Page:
Today sees the retirement of William Montgomery, a surveyor at Malcolm Hughes for over thirty years and over forty years in the surveying industry. Below he shares his knowledge of how the industry has developed and what instrumentation was used through the decades. All of the Malcolm Hughes team wish you the very best in retirement.
Forty Years in Surveying – William Montgomery BSc, MRICS, MInst CES
I first started surveying in the 1970’s and since then survey methods and instrumentation have developed simultaneously with technological advances. What follows is a very brief summary of the instrumentation used in the decades since the 70’s but also what the typical land/hydrographic surveyor was doing.
This was the decade for big hair and handlebar moustaches. Harold Wilson, Ted Heath, James Callaghan & Maggie Thatcher were the Prime Ministers. Scotland qualified for the World Cup in 1974 and 1978. I seem to remember using punch cards for computer instructions, so electronically everything was pretty basic. Smartphones were big red boxes that still had the windows intact and didn’t smell. This was the decade for major oil developments in Scotland, so it was off to Sullom Voe and exotic destinations like Libya (brilliant suntan), Iran and Nigeria. The instrumentation was generally Wild T2 theodolites with mounted on it the Distomat DI10 EDM. Other distance measuring equipment I used included the Tellurometer (a long range two man instrument with which it was possible to phone between the two instruments plus it had lots of twirly bits) and even a subtense bar (for the younger reader, google it) . Topographic mapping was done using self-reducing tacheometers such as the Kern DK RT or the Wild RDS. The recording was done manually ie. pen/pencil and paper, while wet days generally meant a retreat to the nearest bar as it was too wet to write.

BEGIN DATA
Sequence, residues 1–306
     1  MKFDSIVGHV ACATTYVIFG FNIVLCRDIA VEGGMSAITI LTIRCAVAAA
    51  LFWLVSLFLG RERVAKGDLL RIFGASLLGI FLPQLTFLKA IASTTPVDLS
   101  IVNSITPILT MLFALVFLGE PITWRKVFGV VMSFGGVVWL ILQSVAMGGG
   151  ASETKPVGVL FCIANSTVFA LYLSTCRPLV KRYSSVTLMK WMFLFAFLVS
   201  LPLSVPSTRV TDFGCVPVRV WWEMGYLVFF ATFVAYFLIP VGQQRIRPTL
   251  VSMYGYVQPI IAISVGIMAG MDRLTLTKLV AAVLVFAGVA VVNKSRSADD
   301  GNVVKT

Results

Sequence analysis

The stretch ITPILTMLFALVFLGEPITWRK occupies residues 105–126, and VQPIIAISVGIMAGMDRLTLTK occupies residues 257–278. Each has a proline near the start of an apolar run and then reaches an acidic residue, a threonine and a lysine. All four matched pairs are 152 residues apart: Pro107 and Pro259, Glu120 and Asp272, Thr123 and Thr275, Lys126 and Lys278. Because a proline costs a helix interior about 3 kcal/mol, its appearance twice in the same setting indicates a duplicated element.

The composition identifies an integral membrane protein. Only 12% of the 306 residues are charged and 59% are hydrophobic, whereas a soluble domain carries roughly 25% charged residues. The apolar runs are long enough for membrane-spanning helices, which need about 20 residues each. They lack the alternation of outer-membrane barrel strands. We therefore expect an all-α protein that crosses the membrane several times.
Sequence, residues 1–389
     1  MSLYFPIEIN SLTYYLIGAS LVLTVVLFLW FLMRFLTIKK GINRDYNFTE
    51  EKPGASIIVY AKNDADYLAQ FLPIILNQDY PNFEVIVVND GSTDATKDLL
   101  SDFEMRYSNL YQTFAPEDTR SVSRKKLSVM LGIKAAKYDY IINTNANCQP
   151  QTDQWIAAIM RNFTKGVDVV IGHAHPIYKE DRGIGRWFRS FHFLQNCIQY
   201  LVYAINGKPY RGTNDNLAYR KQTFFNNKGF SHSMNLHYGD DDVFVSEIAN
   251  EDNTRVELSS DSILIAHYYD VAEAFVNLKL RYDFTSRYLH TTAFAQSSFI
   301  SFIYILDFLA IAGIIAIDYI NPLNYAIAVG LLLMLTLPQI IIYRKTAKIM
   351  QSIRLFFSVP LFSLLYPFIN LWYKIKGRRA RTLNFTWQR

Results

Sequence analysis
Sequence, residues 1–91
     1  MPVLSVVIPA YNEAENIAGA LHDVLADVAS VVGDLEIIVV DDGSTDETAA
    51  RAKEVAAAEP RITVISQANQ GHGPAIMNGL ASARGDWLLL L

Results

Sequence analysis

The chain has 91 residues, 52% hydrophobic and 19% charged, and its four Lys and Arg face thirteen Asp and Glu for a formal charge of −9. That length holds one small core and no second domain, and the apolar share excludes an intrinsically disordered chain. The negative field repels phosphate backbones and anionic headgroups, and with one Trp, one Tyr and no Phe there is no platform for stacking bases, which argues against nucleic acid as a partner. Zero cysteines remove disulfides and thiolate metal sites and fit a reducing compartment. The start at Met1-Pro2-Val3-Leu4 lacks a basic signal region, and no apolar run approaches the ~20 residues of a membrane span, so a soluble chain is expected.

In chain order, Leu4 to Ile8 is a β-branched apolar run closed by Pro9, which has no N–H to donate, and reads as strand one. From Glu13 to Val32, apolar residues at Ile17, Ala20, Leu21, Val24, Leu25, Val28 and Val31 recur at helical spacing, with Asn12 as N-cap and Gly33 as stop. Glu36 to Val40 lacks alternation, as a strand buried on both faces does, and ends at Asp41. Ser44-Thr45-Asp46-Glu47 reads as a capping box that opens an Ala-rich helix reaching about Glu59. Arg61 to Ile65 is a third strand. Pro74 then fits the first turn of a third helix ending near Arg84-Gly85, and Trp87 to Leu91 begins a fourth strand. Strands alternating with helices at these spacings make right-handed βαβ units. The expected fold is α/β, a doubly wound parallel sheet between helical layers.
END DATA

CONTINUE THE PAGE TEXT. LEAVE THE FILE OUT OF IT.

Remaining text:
The 80’s in the UK were the decade of Maggie Thatcher, the miners’ strike and the Falklands War. Scotland qualified for the World Cup in 1982 and 1986. Electronically things were starting to move as the PC arrived along with the ghetto blaster and the Walkman. I spent the first five years of the decade in Saudi Arabia spending two years as an inshore hydrographic surveyor.
The RIB I used was equipped with a Del Norte Trisponder and a Raytheon Echo sounder complete with paper trace. GPS systems that were suitable for everyday survey hadn’t yet arrived. Ashore, instruments were progressing as Wild (Leica) introduced the Wild TC1000 an electronic tacheometer. Geodimeter (Trimble) followed suit with the system 400 recording on the geodat, better known as the brick (we later used a Husky Hunter recorder which tied in with the Eclipse software we were using). I joined Loy Surveys in 1986 and it was the Geodimeter 400 system Jim was using along with Eclipse survey software.